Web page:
For some people, the guilt of killing enemies in games is a completely foreign concept. I used to feel a lot of it, only playing games where you at worst kill monsters or humanoid bosses in JRPGs. But with Assassin’s Creed, that guilt sort of lessened once I killed my first human enemy and realized they aren’t actually any more than a Goomba. Same for Hitman. I remember thinking that was a series for lunatics, but through the simplifications of Hitman Go I managed to see it for just the fun game it is.

        For me, I basically view the canon of the Snakes(My primary stealth series being Metal Gear Solid) as everyone killing people when necessary and avoiding it otherwise, like my own playthroughs. I think Venom Snake kills a lot more than Solid Snake, though. In terms of personality, Venom Snake seems most like a villain. Young Big Boss in MGS3 is a sweet young guy who doesn’t seem like he particularly wants to kill anybody, least of all the person he’s ordered to assassinate. Solid Snake has to kill as a part of MGS1 having no nonlethal options, but I never got the impression he enjoys it at all. If that guy could kill nobody, he would.

    2. Tizzy says:

      I view the canon version of them as uncompromisingly efficient. If it's faster to sneak around a guy, they do that; if it's faster to kill the guy, they do that. The mission is everything, the guards are irrelevent.

      Unfortunately, I can’t think of a game that mixes things up: where some situations are clearly best suited to nonlethal sneaking and others to bloodshed (stealthy or not).

      If it’s a game like Dishonored that incites you to specialize in one versus the other, would that be more or less aggravating?

      1. Christopher says:

        Say, Metal Gear Solid 3 then. Large parts of the game have you sneaking around, and if anyone is killed people are very likely to hear it and raise the alert, which means you have to fight even more(Or escape). But there are also sections where you’re being chased by soldiers, and a big setpiece chase sequence in which an NPC drives you around a military base full of enemy soldiers, all firing at you. Sleeping darts aren’t really applicable to that kind of stunt. You can just not shoot at them and I think it works out just fine, but you can imagine the NPC having some choice words about that kind of behavior in a straight up firefight.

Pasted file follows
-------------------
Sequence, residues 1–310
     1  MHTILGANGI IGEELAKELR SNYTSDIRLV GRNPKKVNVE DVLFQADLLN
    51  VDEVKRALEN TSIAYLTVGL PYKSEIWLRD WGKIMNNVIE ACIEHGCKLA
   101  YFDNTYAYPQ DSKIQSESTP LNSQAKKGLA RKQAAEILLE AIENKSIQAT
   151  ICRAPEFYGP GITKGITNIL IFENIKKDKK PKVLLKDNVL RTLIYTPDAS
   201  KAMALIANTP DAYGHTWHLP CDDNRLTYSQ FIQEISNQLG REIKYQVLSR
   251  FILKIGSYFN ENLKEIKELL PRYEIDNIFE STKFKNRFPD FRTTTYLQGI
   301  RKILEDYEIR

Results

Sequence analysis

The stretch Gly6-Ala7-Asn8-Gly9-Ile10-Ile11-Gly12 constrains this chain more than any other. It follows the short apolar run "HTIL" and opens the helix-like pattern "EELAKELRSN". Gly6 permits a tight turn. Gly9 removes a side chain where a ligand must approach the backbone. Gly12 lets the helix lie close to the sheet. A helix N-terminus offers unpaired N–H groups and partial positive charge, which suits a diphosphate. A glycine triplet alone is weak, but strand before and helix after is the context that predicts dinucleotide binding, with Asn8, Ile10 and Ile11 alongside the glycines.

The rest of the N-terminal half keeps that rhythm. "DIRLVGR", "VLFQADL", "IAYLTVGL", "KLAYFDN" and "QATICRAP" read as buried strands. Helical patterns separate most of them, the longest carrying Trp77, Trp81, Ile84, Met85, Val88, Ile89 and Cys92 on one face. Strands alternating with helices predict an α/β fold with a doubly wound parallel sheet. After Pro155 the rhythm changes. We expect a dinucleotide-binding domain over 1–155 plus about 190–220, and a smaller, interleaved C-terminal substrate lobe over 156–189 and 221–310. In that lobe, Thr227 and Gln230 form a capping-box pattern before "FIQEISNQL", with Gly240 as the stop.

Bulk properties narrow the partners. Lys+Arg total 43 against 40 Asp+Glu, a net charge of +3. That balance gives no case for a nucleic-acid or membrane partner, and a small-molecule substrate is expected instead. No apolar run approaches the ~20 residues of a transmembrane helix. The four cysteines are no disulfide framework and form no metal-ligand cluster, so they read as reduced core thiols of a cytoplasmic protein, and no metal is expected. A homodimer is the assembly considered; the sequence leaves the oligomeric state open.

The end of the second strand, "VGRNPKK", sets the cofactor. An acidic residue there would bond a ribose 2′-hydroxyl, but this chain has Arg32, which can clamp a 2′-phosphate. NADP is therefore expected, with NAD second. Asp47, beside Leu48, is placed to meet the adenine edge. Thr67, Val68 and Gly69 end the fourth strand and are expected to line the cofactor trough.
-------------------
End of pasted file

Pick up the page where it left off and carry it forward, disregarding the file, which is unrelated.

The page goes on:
1. Syal says:

          Although, my canon version of Snake is that he does every mission wearing a cardboard box filled with porno mags.

          1. Christopher says:

            Now I wish he had procured a really big cardboard box for the chase scene with the motorcycle.

  8. Ninety-Three says:

    What (if anything) is wrong with the Netflix Marvel shows?

    They desperately need someone to edit down their runtime. The online model lets you make episodes as long as you want, but instead of making episodes that are exactly as long as they need to be, most Netflix series seem to hear that and say “Guys! We don’t have to cut anything!”, then fire their editors.

    1. Joe Informatico says:

      I have to assume they’re thinking down the road about syndicating on non-Netflix platforms. Maybe a 13-episode order is the most marketable package to the largest spread of international distributors or something.

      1. Kylroy says:

        They don’t have a quota to fill, but I’m pretty sure they still get paid based on how many hours people spend watching their material.

        1. Daemian Lucifer says:

          Its still better to have more smaller shows that everyone will like and rewatch many times than a few long ones that everyone will drop halfway through,or even avoid.